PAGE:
As a middle power Australia should be more independent in it’s role in the Pacific as the “core values” of the US did not always seem what it could and should have been, and foreign policy of China till so far did show greater stability than what the US did if we count the wars over the last decades and the millions of deaths in military conflict. Democracy can be the core value but history did prove that democracy was neither perfect nor always carried by people who had high standards of integrity and a broader view.
 
Kevin Rudd said: “We’re not going to have any national security policy dictated by any other external power.” However the exemption seems the US and the Pentagon. Kevin Rudd represents Australian policy when he later says: “That’s a sovereign matter for Australia. We don’t seek to dictate what the Chinese about their national security policy.”
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Australia would be wise not to allow their own national security to be dictated by either the US or China. The difference is that China till so far made no efforts to instruct Australia on issues of national security but the US did.
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For the region applies that Australia as a middle power needs to play in concert with other powers and not co creating an alliance to contain a super power like China, which neither provoked Australia in any way nor provoked any other country in any significant way.

This means that it is in Australia’s interest to have both productive and friendly relations with the US and China, providing leverage and an example in better communication when those 2 super powers may get carried away with different opinions.

Whilst safe with President Obama, the US under some Republican Presidents was not always the country defending the core values of both Democracy and human rights. It would seem that there are too many ideas what the core values of a democracy should be. The majority vote at a particular time in history is not always the right choice and does not always show the right action as being clearly demonstrated in US Congress.

The development of Australia as a great middle power continuing to play the role being required, as happened in the 1980s and ’90s did include foreign policy like APEC and it’s leaders’ meeting, the ASEAN regional forum, the Chemical Weapons Convention, the Canberra Commission for the Elimination of Nuclear Weapons, the Cairns Group etc. This should not be thrown away by a Pentagon dominated foreign policy in Australia.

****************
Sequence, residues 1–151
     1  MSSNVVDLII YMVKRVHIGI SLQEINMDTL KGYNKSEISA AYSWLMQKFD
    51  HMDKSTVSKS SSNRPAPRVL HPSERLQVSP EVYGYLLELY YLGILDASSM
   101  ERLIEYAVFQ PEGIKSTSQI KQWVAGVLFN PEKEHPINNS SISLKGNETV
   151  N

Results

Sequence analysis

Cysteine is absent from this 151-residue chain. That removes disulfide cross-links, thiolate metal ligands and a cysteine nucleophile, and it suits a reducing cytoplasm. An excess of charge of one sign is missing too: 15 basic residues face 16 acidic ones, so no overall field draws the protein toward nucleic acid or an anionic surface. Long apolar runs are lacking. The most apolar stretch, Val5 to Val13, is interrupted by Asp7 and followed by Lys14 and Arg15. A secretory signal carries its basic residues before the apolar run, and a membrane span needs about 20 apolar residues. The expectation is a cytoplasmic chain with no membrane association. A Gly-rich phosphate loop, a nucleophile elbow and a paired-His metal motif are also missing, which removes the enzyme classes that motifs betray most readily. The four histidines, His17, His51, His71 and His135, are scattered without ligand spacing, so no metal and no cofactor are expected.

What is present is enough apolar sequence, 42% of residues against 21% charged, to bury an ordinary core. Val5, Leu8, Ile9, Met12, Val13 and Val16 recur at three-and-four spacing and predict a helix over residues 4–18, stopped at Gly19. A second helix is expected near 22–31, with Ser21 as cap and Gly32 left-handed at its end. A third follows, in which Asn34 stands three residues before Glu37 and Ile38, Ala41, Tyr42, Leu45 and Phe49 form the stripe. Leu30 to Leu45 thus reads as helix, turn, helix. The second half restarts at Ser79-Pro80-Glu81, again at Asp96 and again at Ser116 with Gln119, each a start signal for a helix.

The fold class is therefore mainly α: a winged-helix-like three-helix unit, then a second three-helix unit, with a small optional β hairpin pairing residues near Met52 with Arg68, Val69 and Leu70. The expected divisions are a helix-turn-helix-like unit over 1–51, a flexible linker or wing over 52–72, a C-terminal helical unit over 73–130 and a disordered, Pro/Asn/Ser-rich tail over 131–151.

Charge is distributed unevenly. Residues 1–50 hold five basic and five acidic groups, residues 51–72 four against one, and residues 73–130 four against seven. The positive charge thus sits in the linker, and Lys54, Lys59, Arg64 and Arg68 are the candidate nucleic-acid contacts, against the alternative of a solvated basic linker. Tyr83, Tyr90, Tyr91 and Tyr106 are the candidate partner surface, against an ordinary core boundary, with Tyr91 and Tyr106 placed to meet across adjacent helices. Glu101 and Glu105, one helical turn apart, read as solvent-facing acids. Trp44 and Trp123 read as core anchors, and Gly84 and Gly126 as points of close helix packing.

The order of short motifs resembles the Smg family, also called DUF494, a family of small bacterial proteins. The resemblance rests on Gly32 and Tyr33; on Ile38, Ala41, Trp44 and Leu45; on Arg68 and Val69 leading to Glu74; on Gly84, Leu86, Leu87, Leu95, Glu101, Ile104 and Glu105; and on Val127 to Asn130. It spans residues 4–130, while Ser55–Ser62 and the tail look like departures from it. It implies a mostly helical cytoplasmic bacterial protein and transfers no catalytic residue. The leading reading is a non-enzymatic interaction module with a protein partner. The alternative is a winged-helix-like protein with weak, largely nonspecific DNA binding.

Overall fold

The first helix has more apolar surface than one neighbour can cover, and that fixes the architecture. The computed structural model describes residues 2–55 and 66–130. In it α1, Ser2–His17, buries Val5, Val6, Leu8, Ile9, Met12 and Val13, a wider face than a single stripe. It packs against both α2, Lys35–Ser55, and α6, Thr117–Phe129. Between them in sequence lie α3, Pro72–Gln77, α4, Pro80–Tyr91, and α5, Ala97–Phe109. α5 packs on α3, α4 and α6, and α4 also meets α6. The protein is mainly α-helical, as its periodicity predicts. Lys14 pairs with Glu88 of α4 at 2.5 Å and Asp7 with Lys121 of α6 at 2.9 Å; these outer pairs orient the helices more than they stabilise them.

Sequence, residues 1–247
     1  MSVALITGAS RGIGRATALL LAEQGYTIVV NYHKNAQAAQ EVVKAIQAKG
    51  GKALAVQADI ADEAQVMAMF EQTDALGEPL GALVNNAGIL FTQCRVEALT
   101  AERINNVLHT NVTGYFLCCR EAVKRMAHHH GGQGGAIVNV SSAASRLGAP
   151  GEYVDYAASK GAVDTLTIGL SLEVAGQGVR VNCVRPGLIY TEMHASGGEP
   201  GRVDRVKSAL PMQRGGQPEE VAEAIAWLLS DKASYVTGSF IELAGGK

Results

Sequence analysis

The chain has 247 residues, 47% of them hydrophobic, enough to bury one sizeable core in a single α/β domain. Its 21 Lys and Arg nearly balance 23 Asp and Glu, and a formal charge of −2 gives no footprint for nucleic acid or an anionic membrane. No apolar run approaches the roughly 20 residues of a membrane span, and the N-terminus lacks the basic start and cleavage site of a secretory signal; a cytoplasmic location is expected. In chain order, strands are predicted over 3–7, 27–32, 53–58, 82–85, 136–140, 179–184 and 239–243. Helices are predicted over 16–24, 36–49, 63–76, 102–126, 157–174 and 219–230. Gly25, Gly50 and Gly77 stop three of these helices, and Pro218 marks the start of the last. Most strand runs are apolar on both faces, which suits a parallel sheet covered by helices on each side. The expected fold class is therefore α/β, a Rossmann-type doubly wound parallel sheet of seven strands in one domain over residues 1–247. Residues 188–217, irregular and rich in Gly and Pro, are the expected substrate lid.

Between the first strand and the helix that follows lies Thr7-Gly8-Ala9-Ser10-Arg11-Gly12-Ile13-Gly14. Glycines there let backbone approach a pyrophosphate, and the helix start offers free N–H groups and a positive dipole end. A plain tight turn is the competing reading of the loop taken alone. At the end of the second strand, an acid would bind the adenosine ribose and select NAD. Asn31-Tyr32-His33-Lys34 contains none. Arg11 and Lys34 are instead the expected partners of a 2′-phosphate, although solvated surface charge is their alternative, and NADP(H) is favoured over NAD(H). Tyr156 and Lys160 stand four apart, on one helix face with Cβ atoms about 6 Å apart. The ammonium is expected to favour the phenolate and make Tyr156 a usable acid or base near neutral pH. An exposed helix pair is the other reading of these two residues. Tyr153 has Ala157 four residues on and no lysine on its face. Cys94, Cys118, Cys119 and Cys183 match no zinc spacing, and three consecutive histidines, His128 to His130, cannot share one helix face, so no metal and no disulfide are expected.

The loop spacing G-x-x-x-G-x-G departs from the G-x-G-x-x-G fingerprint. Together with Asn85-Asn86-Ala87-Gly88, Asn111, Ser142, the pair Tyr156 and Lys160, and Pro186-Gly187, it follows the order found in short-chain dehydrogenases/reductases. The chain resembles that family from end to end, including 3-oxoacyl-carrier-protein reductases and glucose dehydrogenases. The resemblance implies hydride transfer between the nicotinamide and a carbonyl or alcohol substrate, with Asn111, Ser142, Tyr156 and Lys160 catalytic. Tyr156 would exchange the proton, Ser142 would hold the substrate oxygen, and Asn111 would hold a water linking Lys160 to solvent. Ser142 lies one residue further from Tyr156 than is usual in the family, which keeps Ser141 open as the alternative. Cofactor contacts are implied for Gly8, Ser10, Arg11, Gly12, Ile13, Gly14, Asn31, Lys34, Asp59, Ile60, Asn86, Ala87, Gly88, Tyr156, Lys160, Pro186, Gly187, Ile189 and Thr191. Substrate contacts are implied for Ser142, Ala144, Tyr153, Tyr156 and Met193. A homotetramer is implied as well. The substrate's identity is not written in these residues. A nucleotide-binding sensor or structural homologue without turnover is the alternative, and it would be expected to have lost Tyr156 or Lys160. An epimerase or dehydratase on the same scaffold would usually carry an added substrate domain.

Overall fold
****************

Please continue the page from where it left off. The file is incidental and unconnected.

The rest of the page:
Neither that we have foresight in how power will evolve in the United States Government in the years lying ahead, nor do we have foresight how power will evolve in China, but as a great middle power Australia has an obligation to maintain a pleasant and peaceful co-existence with surrounding states and a close military alliance with the US to contain China whilst not being provoked as a nation will not pay any dividend to Australia and is compromising the role Australia could play as a middle power, and as such the foreign policy of Australia at present (if not revised) could prove to be a floored one by principle and on principle with little insight in historical dynamics.

The policy of containment of China at this stage in history is wrong and without proper base, guided actually by US rhetoric and Australia should have known better. Former US Vice President Al Gore did describe in his book “The Assault On Reason” the US dynamics when George W Bush ordered forces to invade Iraq, the damage being done to the US as a democracy as Bush played the public with a fear of terrorism campaign whilst the US Senate stand mute then, like it stayed mute on various other occasions including political assassinations.

Australia should not allow “assault on reason” within the Asia-Pacific area and whilst the dynamics in Australian Parliament may show at times doubt on reason both in terms of style and quality, as a country we need to be stronger than this.

The answer to this problem is that what could have been done differently yesterday can be corrected tomorrow and only fools don’t change their mind in the course of history. New beginnings depend on endings and to make them in the right way the right time and for the right reason!

Paul Wolf

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http://paulalexanderwolf.wordpress.com/2013/01/06/we-dream-of-things-that-never-were-and-say-why-not/

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About Paul:

Paul Wolf is connected on LinkedIn. For more information about him see Google: Paul Alexander Wolf – Physician, FRACGP, DFFP